2. receiving circuit according to claim 1, characterized in that
that it contains a comparator circuit ( 20 ), a logic circuit ( 21 ) and an (N-1) bit delay circuit ( 22 ), that the comparator circuit outputs a first binary signal (S 1 ) when the sample applied to its input is in the first range lies,
that it outputs a second binary signal (S 0 ) when the sample lies in the second range and
that it outputs a third binary signal (S 2 ) when the sample is in the third range and
that the logic circuit ( 21 ) has a specific logic value at its output ( 24 ) in the first case, the inverted logic value in the second case and in the third case the N bits beforehand at the output ( 26 ) of the (N-1) bit delay circuit ( 22 ) outputs the logical value which occurs, causing a delay which corresponds to the duration of a bit.
3. System for the optical transmission of a digital signal via an optical waveguide ( 3 ) with dispersion at the operating wavelength, with an optical transmitter ( 2 ) on the transmission side, the optical output signal of which is frequency-modulated by the digital signal, and with an optical-electrical converter ( 5 ) the receiving side, which converts its optical input signal going through three value ranges into an electrical output signal (V) going through three value ranges corresponding to its intensity profile, a first value range above an upper threshold value (V 1 ), a second value range below a lower threshold value (V 0 ) and a third value range lies between the upper and the lower threshold value, and which is followed by a circuit ( 6 ) which recovers the digital signal from samples of the electrical output signal (V) of the optical-electrical converter ( 5 ), characterized in that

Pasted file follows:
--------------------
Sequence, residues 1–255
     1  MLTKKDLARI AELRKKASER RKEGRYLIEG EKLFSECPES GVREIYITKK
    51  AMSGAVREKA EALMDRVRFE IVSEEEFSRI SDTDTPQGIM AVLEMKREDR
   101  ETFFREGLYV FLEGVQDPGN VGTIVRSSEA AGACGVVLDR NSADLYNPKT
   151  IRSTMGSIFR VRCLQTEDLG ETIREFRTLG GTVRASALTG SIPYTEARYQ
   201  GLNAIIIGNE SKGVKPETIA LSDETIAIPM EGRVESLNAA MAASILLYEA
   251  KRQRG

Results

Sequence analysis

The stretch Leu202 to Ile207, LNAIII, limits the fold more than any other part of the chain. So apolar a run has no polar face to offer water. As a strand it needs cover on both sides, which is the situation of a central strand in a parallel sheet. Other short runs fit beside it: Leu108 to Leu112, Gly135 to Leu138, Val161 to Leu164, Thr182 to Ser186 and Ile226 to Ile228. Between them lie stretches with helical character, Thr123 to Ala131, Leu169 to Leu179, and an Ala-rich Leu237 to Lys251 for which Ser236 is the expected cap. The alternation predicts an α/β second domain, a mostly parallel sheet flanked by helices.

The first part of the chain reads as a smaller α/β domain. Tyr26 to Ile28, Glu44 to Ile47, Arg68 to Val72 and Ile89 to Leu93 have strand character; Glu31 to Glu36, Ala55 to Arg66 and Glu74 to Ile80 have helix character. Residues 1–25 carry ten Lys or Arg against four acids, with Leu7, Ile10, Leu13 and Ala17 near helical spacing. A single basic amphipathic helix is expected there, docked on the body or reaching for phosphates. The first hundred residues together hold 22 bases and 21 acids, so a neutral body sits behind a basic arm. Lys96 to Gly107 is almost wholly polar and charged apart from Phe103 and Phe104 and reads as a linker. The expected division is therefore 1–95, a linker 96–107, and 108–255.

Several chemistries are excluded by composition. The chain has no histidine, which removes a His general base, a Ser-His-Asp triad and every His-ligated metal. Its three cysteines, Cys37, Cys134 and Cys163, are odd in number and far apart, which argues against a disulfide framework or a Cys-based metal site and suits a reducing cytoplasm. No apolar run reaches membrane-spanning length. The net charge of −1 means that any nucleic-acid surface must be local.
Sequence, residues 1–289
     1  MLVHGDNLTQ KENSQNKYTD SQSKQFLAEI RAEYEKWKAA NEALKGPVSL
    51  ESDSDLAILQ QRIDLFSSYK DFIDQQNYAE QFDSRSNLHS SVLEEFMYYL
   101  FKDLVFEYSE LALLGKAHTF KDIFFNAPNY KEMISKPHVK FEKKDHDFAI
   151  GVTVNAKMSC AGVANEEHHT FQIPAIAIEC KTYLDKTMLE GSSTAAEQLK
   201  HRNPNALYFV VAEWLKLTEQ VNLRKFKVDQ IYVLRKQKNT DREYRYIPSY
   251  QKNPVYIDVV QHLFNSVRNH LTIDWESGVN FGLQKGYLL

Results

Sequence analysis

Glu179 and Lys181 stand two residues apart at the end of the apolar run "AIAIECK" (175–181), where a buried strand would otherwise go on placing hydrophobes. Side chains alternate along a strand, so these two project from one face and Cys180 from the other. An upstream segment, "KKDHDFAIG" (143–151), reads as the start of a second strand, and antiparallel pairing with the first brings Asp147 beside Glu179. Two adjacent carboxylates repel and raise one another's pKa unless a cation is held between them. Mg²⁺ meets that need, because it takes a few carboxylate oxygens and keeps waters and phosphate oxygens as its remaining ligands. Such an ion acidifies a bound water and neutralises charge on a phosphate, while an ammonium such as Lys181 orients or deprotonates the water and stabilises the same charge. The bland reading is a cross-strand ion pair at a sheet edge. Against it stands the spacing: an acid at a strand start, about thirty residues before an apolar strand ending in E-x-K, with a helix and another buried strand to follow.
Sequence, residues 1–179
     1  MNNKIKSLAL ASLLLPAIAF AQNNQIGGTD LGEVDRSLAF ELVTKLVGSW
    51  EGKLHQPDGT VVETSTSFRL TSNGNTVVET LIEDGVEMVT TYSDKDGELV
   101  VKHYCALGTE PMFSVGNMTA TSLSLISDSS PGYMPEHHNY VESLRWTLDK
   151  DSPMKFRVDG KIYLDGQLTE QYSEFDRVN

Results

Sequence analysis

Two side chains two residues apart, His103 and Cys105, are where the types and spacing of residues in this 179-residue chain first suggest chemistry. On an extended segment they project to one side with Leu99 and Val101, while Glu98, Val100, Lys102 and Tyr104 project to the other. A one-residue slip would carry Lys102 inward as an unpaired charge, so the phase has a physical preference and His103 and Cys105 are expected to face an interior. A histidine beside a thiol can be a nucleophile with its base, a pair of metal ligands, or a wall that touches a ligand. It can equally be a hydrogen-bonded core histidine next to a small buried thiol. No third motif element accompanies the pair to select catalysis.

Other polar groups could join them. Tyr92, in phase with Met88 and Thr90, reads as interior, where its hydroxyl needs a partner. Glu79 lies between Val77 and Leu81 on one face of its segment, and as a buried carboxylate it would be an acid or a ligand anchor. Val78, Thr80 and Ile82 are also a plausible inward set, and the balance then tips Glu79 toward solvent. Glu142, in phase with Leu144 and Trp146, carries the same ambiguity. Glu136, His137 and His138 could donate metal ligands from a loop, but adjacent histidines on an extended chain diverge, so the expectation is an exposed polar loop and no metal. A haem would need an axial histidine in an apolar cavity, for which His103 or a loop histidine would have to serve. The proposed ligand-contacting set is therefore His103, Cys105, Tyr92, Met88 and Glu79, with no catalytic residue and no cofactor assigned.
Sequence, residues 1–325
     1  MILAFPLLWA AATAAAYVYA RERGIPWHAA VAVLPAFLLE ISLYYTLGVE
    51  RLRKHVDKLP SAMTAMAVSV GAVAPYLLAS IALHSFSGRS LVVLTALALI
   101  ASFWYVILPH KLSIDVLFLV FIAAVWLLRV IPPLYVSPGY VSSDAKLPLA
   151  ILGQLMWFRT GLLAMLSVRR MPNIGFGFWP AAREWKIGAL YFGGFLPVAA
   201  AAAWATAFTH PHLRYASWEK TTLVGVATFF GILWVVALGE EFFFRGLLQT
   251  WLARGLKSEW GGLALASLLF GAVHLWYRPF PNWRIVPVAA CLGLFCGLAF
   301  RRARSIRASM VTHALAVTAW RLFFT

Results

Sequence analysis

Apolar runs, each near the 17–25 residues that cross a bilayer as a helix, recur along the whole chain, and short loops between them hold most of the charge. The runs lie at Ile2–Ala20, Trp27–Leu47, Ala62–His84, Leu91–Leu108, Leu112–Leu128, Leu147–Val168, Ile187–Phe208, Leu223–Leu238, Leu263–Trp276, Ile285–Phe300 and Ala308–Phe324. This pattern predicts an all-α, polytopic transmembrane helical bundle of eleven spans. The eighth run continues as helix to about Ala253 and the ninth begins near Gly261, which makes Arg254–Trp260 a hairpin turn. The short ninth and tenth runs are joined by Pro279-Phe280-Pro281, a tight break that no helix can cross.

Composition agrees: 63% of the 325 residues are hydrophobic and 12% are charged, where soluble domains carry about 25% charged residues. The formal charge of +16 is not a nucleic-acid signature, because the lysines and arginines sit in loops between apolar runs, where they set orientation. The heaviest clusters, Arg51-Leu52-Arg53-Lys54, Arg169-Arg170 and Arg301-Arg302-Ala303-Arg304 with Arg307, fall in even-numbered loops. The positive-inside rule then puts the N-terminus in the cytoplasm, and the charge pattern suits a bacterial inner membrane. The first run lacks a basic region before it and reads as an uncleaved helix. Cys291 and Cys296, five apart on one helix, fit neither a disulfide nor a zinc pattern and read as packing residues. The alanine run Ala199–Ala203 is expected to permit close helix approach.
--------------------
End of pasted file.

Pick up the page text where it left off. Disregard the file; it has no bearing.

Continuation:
that its output assumes a first state when a sample lies in the first value range,
that its output assumes a second state when a sample lies in the second value range, and
that its output assumes the state that N bits previously occurred on the same output if a sample lies in the third value range, where N is the rounded integer value of is, D the dispersion and L the length of the optical waveguide, T the duration of a bit and Δλ the wavelength difference on which the frequency modulation is based.
4. System according to claim 3, characterized in
that the circuit ( 6 ) for recovering the digital signal contains a comparator circuit ( 20 ), a logic circuit ( 21 ) and an (N-1) bit delay circuit ( 22 ),
that the comparator circuit emits a first binary signal (S 1 ) when the sample applied to its input lies in the first range,
that it outputs a second binary signal (S 0 ) when the sample lies in the second range and
that it outputs a third binary signal (S 2 ) when the sample is in the third range and
that the logic circuit ( 21 ) has a specific logic value at its output ( 24 ) in the first case, the inverted logic value in the second case and in the third case the N bits beforehand at the output ( 26 ) of the (N-1) bit delay circuit ( 22 ) outputs the logical value which occurs, causing a delay which corresponds to the duration of a bit.